Final CEF Award Criteria
Members of the Canadian Expeditionary Force (CEF) who served at the front and had retired or relinquished their commissions, been honourably discharged, or returned to or retained in Canada on duty.
Members of the Imperial Forces, subject to the same conditions as members of the CEF, provided they were Canadian residents on the 4th day of August, 1914, and had returned to reside in Canada.
Ex-members of the RAF who served only in England were also eligible for the badge if they had been "actively engaged with the enemy whilst on the strength of an operational unit in Great Britain." (National Archives of Canada, RG24, Vol. 1764, File DHS 12-3, "Circular Letter No. 50, October16, 1919. Issue of Class "A" War service Badge Ex-member of the Royal Air Force who served only in England.")" (http://www.veterans.gc.ca/eng/remembrance/medals-decorations/war-service-badges)

American war medal miniatures

Four miniature American WWI and WWII medals. Came into collection in a donation with Willmina Ferguson's medals, but could not have been awarded to her. No other provenance is known about these medals.

  1. American Silver Cross - first awarded in 1932 for gallantry in action - replaced the silver citation used in WWI.
  2. American WWI Victory medal with silver citation (small star attached to ribbon)
  3. Purple Heart
  4. Battle of Verdun, 1916 [This unofficial medal was "created on 20 November 1916 by the Municipal Council of Verdun to commemorate the heroism of its defenders. Originally intended to be awarded to those who served on the Verdun front between 21 February 1916 and 2 November 1916, the medal was, in fact, awarded to those who served anywhere on the Argonne and St Mihiel sectors between 31 July 1914 and 11 November 1918. The original, and most commonly found, version was by Vernier but since supplies of this medal were inadequate, others created Verdun medals and at least seven versions of varying rarity are known"] www.museumvictoria.com.au

British War Medal, Victory (Inter-allied) War Medal and Mentioned in despatches oak leaf sprays

Two WWI medals attached together on backing board. One is the British War Medal and the other is the Victory (Inter-Allied) War Medal. Also included are 2 oak leaf sprays (one attached to Victory Medal and the other is loose). Awarded to Willmina Ferguson for her service as part of the Canadian Army Medical Corps. Her name and rank is engraved on the bottom edge of both medals. The following information on the medals can be found at the Veterans Affairs website:

British War Medal - A circular, silver medal, 1.42 inches in diameter. Obverse side shows the King George V, bareheaded coinage effigy, facing left, with the legend: GEORGIVS V BRITT : OMN : REX ET IND : IMP :. The reverse side shows a horseman (St. George, naked), armed with a short sword (an allegory of the physical and mental strength which achieves victory over Prussianism). The horse tramples on the Prussian shield and the skull and cross-bones. Just off-centre, near the right upper rim, is the sun of Victory. The dates 1914 and 1918 appear in the left and right fields respectively. It was attached to a watered ribbon is 1.25 inches wide, and consists of seven stripes: blue (0.125 inches), black (0.0625 inches), white (0.125 inches), orange centre (0.625 inches wide), white (0.125 inches), black (0.0325 inches), and blue (0.125 inches).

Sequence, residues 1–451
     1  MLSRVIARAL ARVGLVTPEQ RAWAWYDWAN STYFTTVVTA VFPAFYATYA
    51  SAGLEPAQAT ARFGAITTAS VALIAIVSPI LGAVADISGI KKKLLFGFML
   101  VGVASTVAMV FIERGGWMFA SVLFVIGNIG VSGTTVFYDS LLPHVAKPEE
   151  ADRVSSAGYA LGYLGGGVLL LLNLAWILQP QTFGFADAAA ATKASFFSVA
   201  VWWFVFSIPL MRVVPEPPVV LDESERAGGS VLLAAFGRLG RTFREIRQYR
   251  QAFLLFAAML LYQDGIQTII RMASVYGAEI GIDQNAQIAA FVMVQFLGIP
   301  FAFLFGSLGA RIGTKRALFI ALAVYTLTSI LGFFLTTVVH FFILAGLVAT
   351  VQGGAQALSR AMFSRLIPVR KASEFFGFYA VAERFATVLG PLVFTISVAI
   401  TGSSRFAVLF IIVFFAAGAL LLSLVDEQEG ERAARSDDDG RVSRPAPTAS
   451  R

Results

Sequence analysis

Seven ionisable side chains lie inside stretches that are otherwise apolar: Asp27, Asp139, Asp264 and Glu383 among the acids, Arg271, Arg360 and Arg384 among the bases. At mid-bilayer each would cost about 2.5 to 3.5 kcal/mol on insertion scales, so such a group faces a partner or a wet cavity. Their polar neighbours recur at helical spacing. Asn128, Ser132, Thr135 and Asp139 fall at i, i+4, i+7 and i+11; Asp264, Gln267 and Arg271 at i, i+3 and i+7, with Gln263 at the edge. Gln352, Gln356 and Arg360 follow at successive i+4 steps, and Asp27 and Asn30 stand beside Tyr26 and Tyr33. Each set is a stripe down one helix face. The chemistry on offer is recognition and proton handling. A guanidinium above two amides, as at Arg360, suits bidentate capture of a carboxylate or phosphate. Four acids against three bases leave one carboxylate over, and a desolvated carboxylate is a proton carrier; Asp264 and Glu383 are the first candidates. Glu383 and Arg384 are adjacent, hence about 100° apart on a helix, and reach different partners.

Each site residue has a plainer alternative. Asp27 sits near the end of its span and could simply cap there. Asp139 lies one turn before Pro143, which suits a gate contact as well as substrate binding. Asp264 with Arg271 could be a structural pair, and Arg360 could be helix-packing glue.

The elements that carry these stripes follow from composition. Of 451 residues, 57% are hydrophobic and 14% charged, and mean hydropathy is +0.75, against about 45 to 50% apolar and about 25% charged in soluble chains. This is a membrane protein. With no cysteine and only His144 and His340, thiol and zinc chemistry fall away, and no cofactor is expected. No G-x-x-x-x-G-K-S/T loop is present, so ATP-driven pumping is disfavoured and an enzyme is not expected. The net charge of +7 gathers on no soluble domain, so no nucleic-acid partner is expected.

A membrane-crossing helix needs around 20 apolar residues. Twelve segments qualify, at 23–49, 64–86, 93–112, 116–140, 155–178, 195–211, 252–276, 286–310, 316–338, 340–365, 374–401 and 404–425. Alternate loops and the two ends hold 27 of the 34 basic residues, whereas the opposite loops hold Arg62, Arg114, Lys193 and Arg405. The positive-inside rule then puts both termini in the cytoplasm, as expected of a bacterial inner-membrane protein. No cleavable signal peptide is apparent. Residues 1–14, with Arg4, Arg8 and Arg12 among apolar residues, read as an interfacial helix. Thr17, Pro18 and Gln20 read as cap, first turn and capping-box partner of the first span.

The medal was awarded to all ranks of Canadian overseas military forces who came from Canada between 05 August 1914 and 11 November 1918, or who had served in a theatre of war. Those who had enlisted in the O.M.F.C. in the United Kingdom and had not served in a theatre of war were not entitled to this medal. The requirements for RAF personnel were the same as for the army. Naval personnel were required to have 28 days of mobilized service or to have lost their lives before this period of service was complete. Seamen of the Canadian Merchant Marine who served at sea not less than six months, and crews of Dominion Government Ships and the Canadian Mercantile Marine were also eligible. There was no bar to this medal. The medal was authorized on 26 July 1919.

The Victory or Inter-Allied War Medal - A circular, copper medal, lacquered bronze, 1.42 inches in diameter. The obverse side shows the winged, full-length, full-front, figure of Victory, with her left arm extended and holding a palm branch in her right hand. The reverse side shows the legend THE GREAT / WAR FOR / CIVILISATION / 1914 - 1919 in four lines, surrounded by a wreath, with dots below the words. The watered ribbon 1.5 inches (39 mm) wide, and consists of nine coloured stripes: violet, blue, green, yellow, red (centre), yellow, green, blue, and violet. Only the Mentioned-in-Despatches multiple-leaved emblem is worn on this medal when it was awarded for WWI.[Willmina Ferguson awarded two - one attached to medal and the other is loose.]

The medal was awarded to all ranks of the fighting forces, to civilians under contract, and others employed with military hospitals who actually served on the establishment of a unit in a theatre of war between 05 August 1914 and 11 November 1918 (inclusive). It was also awarded to members of the British Naval mission to Russia 1919 - 1920 and for mine clearance in the North Sea between 11 November 1918 and 30 November 1919. This medal was never issued alone and was always issued with the British War Medal. The Inter-Allied War Medal was agreed to by all allies in March 1919. All medals were to be almost identical to obviate the need to exchange allied medals and each was patterned after a French medal of 1870. The medal was authorized in Britain (and for Canadians) on 01 September 1919.